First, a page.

As of this Monday morning, in Britain, 35 people have died and 1,372 have been infected by COVID-19. Now officially declared a pandemic by the World Health Organisation, the situation continues to escalate as deaths pass 6,500 worldwide.
In the latest efforts to tackle the spread, Eli Lilly and AbCellera have revealed plans to co-develop antibody products for the treatment and prevention of the virus, using Lilly’s abilities for rapid development, manufacturing and distribution of therapeutic antibodies, teamed with AbCellera's rapid pandemic response platform.
AbCellera has identified over 500 unique fully-human antibody sequences after screening blood from one of the first US patients who recovered from COVID-19, saying that its next steps are now to screen these antibodies to find the ones most effective in neutralising SARS-CoV-2.
According to the company, lots of these antibodies will be expressed in collaboration with partners at the Vaccine Research Centre at the US National Institute of Allergy and Infectious Diseases (NIAID), and pending agreement with NIAID, will be tested for their ability to neutralise the virus.
Elsevier has also decided to make all of its research and data content on its COVID-19 Information Centre available to PubMed Central, the archive of biomedical and lifescience at the US. In January, the company created the COVID-19 Information Centre with free information in English and Mandarin on the novel virus, which is now updated daily with the latest research information.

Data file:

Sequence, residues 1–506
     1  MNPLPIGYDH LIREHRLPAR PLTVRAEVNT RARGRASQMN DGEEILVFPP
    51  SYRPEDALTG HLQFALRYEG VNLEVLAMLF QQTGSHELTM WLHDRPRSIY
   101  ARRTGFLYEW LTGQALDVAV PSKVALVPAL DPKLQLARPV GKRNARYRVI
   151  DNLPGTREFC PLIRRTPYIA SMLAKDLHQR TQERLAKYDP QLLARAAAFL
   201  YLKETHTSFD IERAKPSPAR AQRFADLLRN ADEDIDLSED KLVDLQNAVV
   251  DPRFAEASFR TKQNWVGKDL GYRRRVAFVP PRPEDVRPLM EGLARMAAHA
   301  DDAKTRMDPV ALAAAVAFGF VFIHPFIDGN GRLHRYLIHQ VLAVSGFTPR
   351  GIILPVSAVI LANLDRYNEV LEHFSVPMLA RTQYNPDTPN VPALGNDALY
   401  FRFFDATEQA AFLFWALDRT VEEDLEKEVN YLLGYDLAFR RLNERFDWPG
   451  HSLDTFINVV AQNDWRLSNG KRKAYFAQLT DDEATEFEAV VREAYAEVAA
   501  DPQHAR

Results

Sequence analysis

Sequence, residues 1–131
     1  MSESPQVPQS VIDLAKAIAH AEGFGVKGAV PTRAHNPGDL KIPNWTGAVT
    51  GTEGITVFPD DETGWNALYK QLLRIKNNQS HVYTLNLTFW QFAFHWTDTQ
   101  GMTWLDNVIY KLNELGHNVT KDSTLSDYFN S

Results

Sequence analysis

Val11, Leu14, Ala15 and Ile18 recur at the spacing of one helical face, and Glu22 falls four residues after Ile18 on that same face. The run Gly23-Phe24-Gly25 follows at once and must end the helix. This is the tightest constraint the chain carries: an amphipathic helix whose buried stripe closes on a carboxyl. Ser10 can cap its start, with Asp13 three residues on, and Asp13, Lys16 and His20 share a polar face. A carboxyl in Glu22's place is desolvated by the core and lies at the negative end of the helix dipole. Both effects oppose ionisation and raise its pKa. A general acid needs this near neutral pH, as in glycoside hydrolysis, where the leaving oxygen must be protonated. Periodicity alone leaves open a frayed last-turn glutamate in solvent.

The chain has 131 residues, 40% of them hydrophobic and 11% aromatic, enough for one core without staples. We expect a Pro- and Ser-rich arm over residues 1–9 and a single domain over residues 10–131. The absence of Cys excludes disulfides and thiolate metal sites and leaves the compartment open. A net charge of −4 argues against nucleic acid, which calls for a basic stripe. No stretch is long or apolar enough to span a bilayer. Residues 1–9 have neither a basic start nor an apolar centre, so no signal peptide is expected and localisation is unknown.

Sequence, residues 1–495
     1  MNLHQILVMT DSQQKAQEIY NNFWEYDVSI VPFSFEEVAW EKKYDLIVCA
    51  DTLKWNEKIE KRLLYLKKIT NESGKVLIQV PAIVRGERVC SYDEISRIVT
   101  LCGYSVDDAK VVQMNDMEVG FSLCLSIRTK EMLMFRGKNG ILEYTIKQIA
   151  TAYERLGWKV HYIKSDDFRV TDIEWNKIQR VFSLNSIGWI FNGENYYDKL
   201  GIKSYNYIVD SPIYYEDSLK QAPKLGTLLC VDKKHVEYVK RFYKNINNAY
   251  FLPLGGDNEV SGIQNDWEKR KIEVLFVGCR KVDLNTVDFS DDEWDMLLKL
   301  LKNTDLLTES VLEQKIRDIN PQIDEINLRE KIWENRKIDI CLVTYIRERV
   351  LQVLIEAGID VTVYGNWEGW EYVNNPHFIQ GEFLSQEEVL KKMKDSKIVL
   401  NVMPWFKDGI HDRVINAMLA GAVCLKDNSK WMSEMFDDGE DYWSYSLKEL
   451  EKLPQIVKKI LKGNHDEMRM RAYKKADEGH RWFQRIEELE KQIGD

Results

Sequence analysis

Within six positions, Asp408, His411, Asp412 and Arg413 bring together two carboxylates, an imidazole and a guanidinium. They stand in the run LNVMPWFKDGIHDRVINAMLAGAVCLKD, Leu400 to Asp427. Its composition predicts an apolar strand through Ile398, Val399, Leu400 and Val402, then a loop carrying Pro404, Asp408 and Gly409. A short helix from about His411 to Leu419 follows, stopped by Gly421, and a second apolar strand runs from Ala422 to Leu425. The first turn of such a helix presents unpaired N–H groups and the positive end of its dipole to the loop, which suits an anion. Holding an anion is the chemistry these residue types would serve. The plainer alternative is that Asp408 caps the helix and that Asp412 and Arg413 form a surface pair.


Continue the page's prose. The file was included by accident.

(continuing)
Elsevier says the move was made in order to “improve the discoverability and utility of this important body of knowledge.”
Last week the NHS announced plans to significantly expand its coronavirus testing capabilities, with enhanced labs helping the health service carry out 10,000 tests daily.
Elsevier and Eli Lilly are joining the likes of Takeda and Gilead, who are initiating development of an anti-SARS polyclonal hyperimmune globulin (H-IG), and testing remdesivir as a response to the spread, respectively.